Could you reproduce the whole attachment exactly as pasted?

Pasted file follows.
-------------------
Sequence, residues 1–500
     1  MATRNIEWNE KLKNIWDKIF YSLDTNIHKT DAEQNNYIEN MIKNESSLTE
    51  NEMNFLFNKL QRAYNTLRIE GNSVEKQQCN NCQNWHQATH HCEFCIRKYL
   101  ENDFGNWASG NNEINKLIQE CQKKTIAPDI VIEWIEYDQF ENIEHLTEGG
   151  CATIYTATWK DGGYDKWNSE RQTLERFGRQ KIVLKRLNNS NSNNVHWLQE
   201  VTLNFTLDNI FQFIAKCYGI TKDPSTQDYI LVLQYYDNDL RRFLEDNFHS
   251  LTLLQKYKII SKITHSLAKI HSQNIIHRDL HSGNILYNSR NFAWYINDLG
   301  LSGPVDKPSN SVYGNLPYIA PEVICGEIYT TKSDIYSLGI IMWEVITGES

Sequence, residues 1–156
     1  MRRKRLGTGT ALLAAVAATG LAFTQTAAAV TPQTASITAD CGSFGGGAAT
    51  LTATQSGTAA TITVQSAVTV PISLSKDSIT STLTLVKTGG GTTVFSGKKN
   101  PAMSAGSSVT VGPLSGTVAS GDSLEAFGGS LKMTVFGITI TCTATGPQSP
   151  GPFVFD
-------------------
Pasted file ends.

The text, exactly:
Sequence, residues 1–500
     1  MATRNIEWNE KLKNIWDKIF YSLDTNIHKT DAEQNNYIEN MIKNESSLTE
    51  NEMNFLFNKL QRAYNTLRIE GNSVEKQQCN NCQNWHQATH HCEFCIRKYL
   101  ENDFGNWASG NNEINKLIQE CQKKTIAPDI VIEWIEYDQF ENIEHLTEGG
   151  CATIYTATWK DGGYDKWNSE RQTLERFGRQ KIVLKRLNNS NSNNVHWLQE
   201  VTLNFTLDNI FQFIAKCYGI TKDPSTQDYI LVLQYYDNDL RRFLEDNFHS
   251  LTLLQKYKII SKITHSLAKI HSQNIIHRDL HSGNILYNSR NFAWYINDLG
   301  LSGPVDKPSN SVYGNLPYIA PEVICGEIYT TKSDIYSLGI IMWEVITGES

Sequence, residues 1–156
     1  MRRKRLGTGT ALLAAVAATG LAFTQTAAAV TPQTASITAD CGSFGGGAAT
    51  LTATQSGTAA TITVQSAVTV PISLSKDSIT STLTLVKTGG GTTVFSGKKN
   101  PAMSAGSSVT VGPLSGTVAS GDSLEAFGGS LKMTVFGITI TCTATGPQSP
   151  GPFVFD